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United States Department of Agriculture

Agricultural Research Service

Title: Cover Crop Variety and Seeding Rate Effects on Winter Weed Bynamics in a Central Coast Organic Vegetable System.

Authors
item Brennan, Eric
item Boyd, Nathan

Submitted to: Biological Control Symposium Proceedings
Publication Type: Proceedings
Publication Acceptance Date: July 2, 2004
Publication Date: August 15, 2004
Citation: Brennan, E.B., Boyd, N. Cover crop variety and seeding rate effects on winter weed bynamics in a central coast organic vegetable system. Proceedings of the California Conference on Biological Control IV. University of California, Berkeley, CA. 2004. p. 27-33. No volume number for this type of publication.

Interpretive Summary: Winter cover crops are important in organic vegetable crop rotations in the central coast of California, but the impacts of cover crop variety and seeding rate on weed management are poorly understood. The study includes six cover crop treatment of rye, mustard and a rye/legume mix each planted at a standard (1x) and high (3x) seeding rate. Early season ground cover was higher in the 3x seeding rate for all cover crops, and canopy closure occurred earlier in mustard and rye than in the legume-rye treatments. All cover crop varieties had higher biomass in November at the 3x than at the 1x seeding rate, but by the end of season (March) there was no difference in above ground biomass production. The legume-rye 1x treatment was the least suppressive of weed biomass and chickweed seed production. Weeds growing in the legume-rye 1x produced 11 times more weed biomass and 30 times more chickweed seeds than occurred in the other treatments. This data suggests that suing the legume-rye cover crop at the standard seeding rate may increase the weed seed bank and may exacerbate future weed problems.

Technical Abstract: Winter cover crops are common components of organic vegetable crop rotations in the central coast of California. The impacts of cover crops variety and seeding rate on weed management are poorly understood. In 2003, a systems study began at the USDA-ARS certified organic research land in Salinas, California, to investigate the effects of cover crop variety and seeding rate on weed population dynamics, soil quality, soil water storage, yield and profitability of an organic vegetable production system. The study includes six cover crop treatments of rye, mustard and a rye/legume mix each planted at a standard (1x) and high (3x) seeding rate. This paper reports cover crop growth dynamics and suppression of weed biomass and weed seed production during the first winter cover cropping period. Measurements included cover crop density, percent ground cover, cover crop and weed biomass production, and seed production by the dominant winter weed (chickweed). Cover crop densities in plants/m2 were 191 (legume-rye 1x), 438 (legume-rye 3x), 238 (mustard 3x), 339 (rye 1x) and 894 (rye 3x). Early season ground cover was higher in the 3x seeding rate for all cover crops, and canopy closure occurred earlier in mustard and rye than in the legume-rye treatments. All cover crop varieties had higher biomass in November at the 3x than at the 1x seeding rate, but by the end of season (March) there was no difference in above ground biomass production. The legume-rye 1x treatment was the least suppressive of weed biomass and chickweed seed production. Weeds growing in the legume-rye 1x produced 11 times more weed biomass and 30 times more chickweed seeds than occurred in the other treatments. These preliminary data suggest that using the legume-rye cover crop at the standard seeding rate will increase the weed seed bank and may exacerbate future weed problems.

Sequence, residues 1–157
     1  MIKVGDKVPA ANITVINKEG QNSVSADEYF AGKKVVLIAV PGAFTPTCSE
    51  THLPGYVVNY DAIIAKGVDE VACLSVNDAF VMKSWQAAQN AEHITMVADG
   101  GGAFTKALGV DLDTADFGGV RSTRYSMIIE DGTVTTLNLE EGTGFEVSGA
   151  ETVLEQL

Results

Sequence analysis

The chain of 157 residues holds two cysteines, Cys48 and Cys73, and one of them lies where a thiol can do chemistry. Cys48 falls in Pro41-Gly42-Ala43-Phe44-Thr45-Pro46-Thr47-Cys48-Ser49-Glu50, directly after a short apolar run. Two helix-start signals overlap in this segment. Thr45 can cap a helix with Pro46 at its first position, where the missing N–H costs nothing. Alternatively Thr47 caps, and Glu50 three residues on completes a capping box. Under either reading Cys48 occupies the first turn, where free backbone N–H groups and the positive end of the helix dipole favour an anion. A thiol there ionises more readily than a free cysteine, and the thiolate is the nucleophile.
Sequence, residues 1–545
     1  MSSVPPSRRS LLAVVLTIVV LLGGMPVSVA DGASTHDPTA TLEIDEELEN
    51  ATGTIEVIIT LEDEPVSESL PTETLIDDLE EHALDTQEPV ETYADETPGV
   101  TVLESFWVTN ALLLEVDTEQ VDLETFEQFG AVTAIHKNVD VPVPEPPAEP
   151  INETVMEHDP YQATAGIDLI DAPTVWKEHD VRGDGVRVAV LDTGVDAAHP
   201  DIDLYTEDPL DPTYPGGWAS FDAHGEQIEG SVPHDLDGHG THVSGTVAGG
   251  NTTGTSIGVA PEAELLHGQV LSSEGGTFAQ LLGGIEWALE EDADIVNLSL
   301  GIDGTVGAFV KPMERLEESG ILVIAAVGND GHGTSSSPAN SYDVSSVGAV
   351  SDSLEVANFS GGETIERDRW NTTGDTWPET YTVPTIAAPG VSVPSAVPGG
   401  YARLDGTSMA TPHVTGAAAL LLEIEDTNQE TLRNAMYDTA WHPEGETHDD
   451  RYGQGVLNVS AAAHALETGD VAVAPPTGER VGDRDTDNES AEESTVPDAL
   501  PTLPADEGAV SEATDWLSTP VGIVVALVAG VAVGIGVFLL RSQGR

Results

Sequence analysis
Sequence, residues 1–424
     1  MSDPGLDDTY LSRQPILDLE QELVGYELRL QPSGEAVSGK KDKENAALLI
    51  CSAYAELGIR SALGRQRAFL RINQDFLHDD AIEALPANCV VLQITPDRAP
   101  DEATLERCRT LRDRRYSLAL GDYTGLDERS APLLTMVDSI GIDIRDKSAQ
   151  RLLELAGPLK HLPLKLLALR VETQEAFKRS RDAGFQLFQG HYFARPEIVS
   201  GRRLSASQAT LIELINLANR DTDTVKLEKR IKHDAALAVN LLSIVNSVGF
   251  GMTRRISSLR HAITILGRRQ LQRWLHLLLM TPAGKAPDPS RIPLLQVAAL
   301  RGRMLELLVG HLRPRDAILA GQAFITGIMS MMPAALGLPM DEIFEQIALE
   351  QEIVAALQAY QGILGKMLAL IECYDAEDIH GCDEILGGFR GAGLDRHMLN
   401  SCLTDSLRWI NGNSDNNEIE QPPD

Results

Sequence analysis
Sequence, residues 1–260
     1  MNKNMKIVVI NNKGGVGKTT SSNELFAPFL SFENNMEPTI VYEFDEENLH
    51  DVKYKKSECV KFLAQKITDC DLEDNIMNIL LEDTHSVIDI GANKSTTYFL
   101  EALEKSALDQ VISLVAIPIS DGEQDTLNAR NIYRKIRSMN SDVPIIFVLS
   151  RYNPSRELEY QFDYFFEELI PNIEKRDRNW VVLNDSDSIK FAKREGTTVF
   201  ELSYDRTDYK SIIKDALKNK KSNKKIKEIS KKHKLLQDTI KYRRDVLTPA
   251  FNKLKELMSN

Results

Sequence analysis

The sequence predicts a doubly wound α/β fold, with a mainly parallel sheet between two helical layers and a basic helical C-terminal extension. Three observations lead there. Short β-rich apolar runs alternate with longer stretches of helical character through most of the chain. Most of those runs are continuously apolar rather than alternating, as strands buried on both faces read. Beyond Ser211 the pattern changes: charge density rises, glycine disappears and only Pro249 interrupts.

Last Modified: 10/21/2014